The first block-buster sci-fi of the 60s was the George Pal production of H.G. Wells' classic, The Time Machine (TM). It followed the novel in that a victorian era inventor travels into earth's future to find civilization as he knew, to be replaced by an enigmatic and grim world. The movie won awards for its time-lapse photo effects. Though not a huge budget movie, the overall effect is an impressive A-level film. Rod Taylor gets his first starring role. Yvette Mimieux stars as Weena.
Quick Plot Synopsis
Several dinner guests arrive at the home of H. George Wells on New Years Eve, 1899. The host staggers in late, his clothes a shambles. He recounts his adventures. He had called them together a week earlier to announce his invention of a time machine. They all scoffed. Undaunted, George travels forward in time. He advances to 1917. He meets James, the son of his friend David Filby, but learns that David died in the war. George reenters his machine and advances to 1941. London is being bombed. He advances just as a bomb levels his house. He advances to 1966. Sirens wail. Civil Defense men rush people to bomb shelters. George meets a very old James Filby briefly before the attack begins. George reenters his machine just as the mushroom clouds "sprout." Volcanos erupt. Lava fills London's streets and bury him in his time machine. He waits until the future years have eroded the lava rock. He then sees an idyllic landscape with hints of structures. He stops in the year 802,701. His machine sits at the base of a scowling stone sphinx. George explores the Eden-like forest. He finds content, though oblivious, people, the Eloi. He rescues one of them from drowning. She, Weena, eventually shows gratitude and shows George around their shallow life amid the ruins. George is upset with the Eloi for letting progress atrophy. A siren wails and all the Eloi march, zombie-like to the sphinx. Many go in, including Weena, before the doors close. George clambers down an access shaft to rescue her. He fights the Morlocks and frees the Eloi. They get out, but George is trapped with his machine. He fights off more Morlocks, but escapes in time. He returns to 1900 and the dinner party. His friends don't believe his tale, except David Filby, who wonders. George and his machine disappear again. This time, he took three books with him. The End.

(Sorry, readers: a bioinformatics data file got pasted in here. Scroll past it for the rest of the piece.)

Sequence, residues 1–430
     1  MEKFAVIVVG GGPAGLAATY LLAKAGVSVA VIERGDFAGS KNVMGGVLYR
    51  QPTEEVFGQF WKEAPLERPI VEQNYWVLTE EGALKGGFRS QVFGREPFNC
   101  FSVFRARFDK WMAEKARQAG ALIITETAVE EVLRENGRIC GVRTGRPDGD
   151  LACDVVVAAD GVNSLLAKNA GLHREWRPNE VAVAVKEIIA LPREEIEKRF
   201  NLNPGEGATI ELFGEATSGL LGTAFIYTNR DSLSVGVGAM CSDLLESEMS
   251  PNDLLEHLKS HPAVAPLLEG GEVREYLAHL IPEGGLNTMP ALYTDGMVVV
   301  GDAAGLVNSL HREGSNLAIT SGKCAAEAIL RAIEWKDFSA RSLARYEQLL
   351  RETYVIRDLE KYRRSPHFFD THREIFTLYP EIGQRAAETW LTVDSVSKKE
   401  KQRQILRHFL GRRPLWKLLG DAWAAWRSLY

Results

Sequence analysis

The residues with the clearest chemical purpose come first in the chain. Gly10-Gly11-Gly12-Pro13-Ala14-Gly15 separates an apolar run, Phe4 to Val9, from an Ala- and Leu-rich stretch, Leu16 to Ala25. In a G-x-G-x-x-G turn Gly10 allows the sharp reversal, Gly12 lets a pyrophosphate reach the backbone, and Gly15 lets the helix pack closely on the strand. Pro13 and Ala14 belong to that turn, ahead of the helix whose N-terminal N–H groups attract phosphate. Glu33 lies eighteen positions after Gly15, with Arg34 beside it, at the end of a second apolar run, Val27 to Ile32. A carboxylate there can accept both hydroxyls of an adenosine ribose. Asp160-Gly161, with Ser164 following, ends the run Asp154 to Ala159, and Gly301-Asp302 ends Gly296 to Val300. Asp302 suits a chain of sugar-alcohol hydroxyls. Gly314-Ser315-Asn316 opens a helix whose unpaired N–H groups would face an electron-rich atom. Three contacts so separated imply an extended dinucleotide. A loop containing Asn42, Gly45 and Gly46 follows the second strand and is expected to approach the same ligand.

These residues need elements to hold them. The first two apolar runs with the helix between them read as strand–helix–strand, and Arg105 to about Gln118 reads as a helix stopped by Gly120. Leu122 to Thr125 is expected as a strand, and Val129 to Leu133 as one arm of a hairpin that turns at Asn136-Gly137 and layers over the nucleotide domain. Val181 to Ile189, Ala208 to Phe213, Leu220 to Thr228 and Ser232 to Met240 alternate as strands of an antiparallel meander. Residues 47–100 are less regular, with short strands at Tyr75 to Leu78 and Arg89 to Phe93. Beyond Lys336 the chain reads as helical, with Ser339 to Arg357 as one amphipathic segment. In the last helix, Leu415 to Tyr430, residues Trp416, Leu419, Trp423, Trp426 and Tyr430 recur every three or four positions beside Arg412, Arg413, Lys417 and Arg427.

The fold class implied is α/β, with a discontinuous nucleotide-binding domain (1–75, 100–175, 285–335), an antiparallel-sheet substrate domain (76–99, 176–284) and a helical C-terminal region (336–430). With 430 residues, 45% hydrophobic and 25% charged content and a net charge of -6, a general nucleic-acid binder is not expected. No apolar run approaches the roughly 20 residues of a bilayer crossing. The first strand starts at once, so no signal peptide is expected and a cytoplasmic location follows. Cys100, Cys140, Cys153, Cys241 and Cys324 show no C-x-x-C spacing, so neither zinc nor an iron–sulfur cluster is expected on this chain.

Why is this movie fun?
Wells' tale is fascinating on its own. Pal's adaptation is well crafted in its own right. Once he begins time traveling, the pace is brisk.
Cold War Angle
A nuclear-armegeddon is inserted into the story, where Wells had none. The attack in 1966 is what people had been preparing for (Civil Defense officers, bomb shelters, warning sirens) since the Soviets got nukes. The nuclear destruction that audiences always feared became the catalyst which split humanity into Eloi and Morlocks.
Booking a View -- A movie based on a classic novel invariably draws fire for not exactly matching the book. David Duncan's screenplay tried, at times, to be close to Wells' text, though with obvious Hollywood deviations. While not a perfect copy, TM is a pretty good effort, given the pre-CGI limitations. The Eloi as young vacuous blonds was a prudent choice. Skinny child actors would have better matched Wells' description, but would have given the George & Weena interaction some creepy pedophile undertones.